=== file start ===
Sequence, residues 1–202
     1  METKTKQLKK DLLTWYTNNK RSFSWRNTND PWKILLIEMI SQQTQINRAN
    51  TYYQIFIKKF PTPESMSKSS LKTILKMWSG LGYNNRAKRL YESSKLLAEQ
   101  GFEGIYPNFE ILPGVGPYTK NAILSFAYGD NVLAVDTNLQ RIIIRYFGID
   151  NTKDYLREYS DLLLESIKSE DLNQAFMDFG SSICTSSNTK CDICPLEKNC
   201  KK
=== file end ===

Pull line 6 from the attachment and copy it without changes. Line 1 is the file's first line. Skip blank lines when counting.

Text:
   201  KK